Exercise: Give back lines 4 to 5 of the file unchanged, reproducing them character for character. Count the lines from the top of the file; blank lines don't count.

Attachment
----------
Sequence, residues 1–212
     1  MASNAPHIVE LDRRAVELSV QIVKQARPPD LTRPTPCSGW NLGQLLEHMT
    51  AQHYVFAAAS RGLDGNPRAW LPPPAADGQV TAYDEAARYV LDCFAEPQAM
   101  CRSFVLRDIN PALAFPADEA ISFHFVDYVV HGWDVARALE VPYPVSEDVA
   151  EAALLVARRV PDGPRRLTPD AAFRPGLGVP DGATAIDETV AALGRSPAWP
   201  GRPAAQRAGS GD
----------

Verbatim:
   101  CRSFVLRDIN PALAFPADEA ISFHFVDYVV HGWDVARALE VPYPVSEDVA
   151  EAALLVARRV PDGPRRLTPD AAFRPGLGVP DGATAIDETV AALGRSPAWP